Then, yesterday, I came across this video on the Herald’s website. And I had no choice but to radically change my previous opinion and to do so with a degree of regret that it had ever been expressed. I’d had a preview of Shane Jones’ debating skill and facility with words a week or two back when he was interviewed on The Nation by Paddy Gower. But this was something different. It was an extraordinary display not only of oratory and the art of persuasive communication but of subtlety of thought and intellectual depth, leavened with humour. It was theatre. One need not go far to look for a reason. Jones is equally fluent in Maori and English. But his impact when he combines the two is nothing less than extraordinary. Well, he is also a man who provokes strong feelings of approval and disapproval, a high-risk candidate for the highest office in the land. But as I watched and re-watched this speech, I thought I could perhaps see a future Leader of the Opposition and a Prime Minister to boot.

Decide for yourself:


Whaleoil dishonestly accuses Helen Clark of dishonesty



I suppose dishonestly reporting that someone else has behaved dishonestly could be regarded as a wonderful example of irony. But if the dishonesty of the reporter is transparent then it’s also a wonderful example of crass stupidity.

Either way, this is precisely what Cameron Slater has recently done. In a post on Whaleoil published a couple of days ago, entitled Manufacturing Clark’s History, Slater refers to a television interview the former New Zealand Prime Minister gave to Australia’s Channel Nine programme The Bottom Line and to a subsequent report on the interview, entitled ‘Helen Clark reflects on life as a leader’, which appeared on Stuff.

The Stuff report of the interview contains numerous quotes of things Clark said. You can tell they’re quotes because they’re all in inverted commas.

At one point in the interview Clark is asked how she pitched for her current job at the United Nations.

She replies: “So my pitch was, ‘This job needs a leader, and I am that leader’”.

That reply is directly followed in the Stuff report by this sentence:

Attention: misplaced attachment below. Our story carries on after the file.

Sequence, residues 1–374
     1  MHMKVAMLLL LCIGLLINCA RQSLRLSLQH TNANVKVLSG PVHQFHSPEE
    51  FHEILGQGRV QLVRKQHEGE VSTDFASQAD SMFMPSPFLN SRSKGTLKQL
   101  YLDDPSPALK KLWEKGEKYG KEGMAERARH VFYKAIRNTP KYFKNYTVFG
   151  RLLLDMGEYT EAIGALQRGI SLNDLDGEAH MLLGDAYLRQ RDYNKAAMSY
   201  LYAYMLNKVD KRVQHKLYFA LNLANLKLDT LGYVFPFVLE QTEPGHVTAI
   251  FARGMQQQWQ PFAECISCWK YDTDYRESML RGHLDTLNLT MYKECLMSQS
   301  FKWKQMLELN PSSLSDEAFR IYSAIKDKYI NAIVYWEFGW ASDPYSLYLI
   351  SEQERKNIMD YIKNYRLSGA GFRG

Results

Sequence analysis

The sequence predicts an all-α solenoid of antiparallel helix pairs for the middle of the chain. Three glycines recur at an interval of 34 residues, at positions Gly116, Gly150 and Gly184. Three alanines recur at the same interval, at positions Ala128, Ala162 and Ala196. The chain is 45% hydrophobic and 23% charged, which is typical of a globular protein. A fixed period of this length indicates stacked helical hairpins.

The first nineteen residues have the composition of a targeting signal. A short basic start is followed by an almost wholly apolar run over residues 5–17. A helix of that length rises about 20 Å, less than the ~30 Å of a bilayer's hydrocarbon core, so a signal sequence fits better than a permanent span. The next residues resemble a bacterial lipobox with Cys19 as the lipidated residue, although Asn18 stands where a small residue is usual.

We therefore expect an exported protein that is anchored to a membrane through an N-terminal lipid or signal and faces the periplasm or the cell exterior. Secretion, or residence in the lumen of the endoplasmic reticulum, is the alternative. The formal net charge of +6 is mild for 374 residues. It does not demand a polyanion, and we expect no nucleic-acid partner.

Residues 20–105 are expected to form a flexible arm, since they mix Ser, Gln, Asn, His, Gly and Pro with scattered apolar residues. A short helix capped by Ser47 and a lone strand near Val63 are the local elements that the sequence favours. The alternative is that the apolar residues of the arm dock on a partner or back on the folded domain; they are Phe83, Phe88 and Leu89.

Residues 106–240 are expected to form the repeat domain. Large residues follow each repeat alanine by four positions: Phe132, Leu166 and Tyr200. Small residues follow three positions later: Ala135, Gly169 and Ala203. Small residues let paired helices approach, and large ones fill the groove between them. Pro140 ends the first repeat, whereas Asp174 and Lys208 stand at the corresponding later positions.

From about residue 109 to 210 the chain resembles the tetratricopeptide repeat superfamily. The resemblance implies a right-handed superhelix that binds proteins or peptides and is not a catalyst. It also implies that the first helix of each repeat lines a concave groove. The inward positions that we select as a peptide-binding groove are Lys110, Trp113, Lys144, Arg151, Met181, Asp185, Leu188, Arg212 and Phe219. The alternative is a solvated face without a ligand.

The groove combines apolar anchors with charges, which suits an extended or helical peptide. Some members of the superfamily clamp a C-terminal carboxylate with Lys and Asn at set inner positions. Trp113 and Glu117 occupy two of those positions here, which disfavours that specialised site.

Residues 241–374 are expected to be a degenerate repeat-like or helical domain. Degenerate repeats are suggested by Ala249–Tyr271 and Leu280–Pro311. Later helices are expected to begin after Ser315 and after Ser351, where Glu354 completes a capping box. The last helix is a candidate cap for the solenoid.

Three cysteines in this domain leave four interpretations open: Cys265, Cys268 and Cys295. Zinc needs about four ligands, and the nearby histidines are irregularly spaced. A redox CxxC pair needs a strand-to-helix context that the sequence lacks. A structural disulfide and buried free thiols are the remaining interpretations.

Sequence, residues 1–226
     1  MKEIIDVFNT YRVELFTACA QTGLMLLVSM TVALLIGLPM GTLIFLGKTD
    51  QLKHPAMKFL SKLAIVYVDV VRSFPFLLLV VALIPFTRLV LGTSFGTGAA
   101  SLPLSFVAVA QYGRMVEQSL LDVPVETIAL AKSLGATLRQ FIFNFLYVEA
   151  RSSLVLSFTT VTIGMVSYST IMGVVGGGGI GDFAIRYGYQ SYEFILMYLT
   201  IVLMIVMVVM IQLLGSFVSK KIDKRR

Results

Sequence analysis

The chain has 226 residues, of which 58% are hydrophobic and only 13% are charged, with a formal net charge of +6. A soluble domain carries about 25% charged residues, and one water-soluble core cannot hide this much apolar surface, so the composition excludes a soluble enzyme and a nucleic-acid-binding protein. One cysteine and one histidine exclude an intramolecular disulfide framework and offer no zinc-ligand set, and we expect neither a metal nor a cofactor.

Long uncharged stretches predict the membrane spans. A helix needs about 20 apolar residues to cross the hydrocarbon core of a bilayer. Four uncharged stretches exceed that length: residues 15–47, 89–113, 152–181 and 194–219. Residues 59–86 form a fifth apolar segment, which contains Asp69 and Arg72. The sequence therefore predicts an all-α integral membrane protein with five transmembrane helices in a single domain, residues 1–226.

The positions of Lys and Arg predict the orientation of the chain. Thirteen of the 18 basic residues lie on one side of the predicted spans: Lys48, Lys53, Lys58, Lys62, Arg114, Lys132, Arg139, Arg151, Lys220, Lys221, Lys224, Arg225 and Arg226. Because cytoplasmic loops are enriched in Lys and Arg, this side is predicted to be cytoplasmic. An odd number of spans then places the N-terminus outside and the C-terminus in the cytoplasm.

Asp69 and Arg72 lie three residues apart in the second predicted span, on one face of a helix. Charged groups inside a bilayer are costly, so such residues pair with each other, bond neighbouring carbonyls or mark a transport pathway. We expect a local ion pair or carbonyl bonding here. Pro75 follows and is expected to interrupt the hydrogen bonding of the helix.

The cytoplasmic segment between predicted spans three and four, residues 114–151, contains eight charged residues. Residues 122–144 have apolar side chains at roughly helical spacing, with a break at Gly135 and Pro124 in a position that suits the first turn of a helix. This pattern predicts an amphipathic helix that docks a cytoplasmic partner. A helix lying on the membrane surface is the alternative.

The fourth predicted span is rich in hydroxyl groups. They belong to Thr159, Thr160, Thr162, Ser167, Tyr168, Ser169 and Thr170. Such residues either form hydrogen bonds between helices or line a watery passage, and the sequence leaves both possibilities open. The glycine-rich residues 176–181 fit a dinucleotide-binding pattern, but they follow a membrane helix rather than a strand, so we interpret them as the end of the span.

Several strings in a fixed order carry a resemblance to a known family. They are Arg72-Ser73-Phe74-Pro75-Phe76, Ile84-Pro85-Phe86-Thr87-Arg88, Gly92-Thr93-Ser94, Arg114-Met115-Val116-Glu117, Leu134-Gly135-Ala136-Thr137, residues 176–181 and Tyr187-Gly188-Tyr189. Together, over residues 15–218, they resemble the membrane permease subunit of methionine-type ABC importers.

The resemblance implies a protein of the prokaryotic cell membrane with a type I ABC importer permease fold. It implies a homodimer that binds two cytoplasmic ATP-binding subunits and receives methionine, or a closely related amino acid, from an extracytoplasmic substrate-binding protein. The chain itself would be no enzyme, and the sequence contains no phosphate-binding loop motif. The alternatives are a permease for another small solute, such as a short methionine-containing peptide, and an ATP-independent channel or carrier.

Having led the Labour Party without barely a whisper of a coup for six years in opposition and then nine years as Prime Minister, human resources at the UN could hardly argue that credential.

Note that there are no quotation marks around the sentence. That’s presumably because Clark didn’t say it. Everything else she said in the Channel Nine interview is reported in quotes.    Read the rest of this entry »


Polonius (behind the arras) offers some free advice to David Cunliffe

Hamlet Kills Polonius

I recall a meeting in the Leader of the Opposition’s office some time in 1999. Present were Helen Clark, Heather Simpson, Mike Munro, Michael Hirschfeld (then President of the Labour Party), Judy Callingham, Brian Edwards and possibly some others. Among the topics for debate was whether Labour should enter into a coalition agreement with Jim Anderton’s Alliance Party. The view of those in favour prevailed.

Under MMP, Labour won the election taking 49 seats in parliament, while the Alliance took ten. Fears that the Alliance’s more left-wing policies would damage Labour were proved to be unfounded.

In 2014, Labour Leader David Cunliffe has declined Russel Norman’s invitation  to enter into a pre-election coalition agreement with the Green Party, while conceding that, should Labour win the election, an unspecified number of senior Green Party MPs could expect to be part of his Cabinet.

Though it can be defended – a la Winston – as an appropriate reluctance to enter into coalition agreements before the votes have been counted, it’s hard to see Cunliffe’s rejection of the Green’s marriage, or at least ‘engagement’ proposal, as anything other than a snub. At the very least, the Labour leader is making it perfectly clear to Norman/Turei just who will be running the show, should National lose the election. Read the rest of this entry »


Private medical insurance – the umbrella you can only open when it isn’t raining.

PET scan 2

We had some pretty good news today: the PET scan which Judy had a week ago suggests that her chemotherapy and radiotherapy treatment has dealt to her oesophageal cancer. I say ‘suggests’ because we can’t be absolutely certain. Judy’s brilliant (and lovely) radiation oncologist is pretty sure that what may look like residual cancer on the scan is in fact inflammation resulting from the dilation treatment she’s having to widen her constricted oesophagus. All good.

Not so good is the fact that Southern Cross, to which we have contributed tens of thousands of dollars over the years, won’t pay for the PET scan. They only pay out on one PET scan per claim year, from 1 August to 31 July, and this was Judy’s third  in the current year.

I’ll come back to this, but first a little background.

Read the rest of this entry »


Is this journalism or a party political broadcast on behalf of the National Party?










The following report by TV3 political editor Paddy Gower appeared on the channel’s 6pm bulletin last night. Setting aside as best you can your political prejudices, please answer the following question: Is this journalism or a party political broadcast on behalf of the National Party?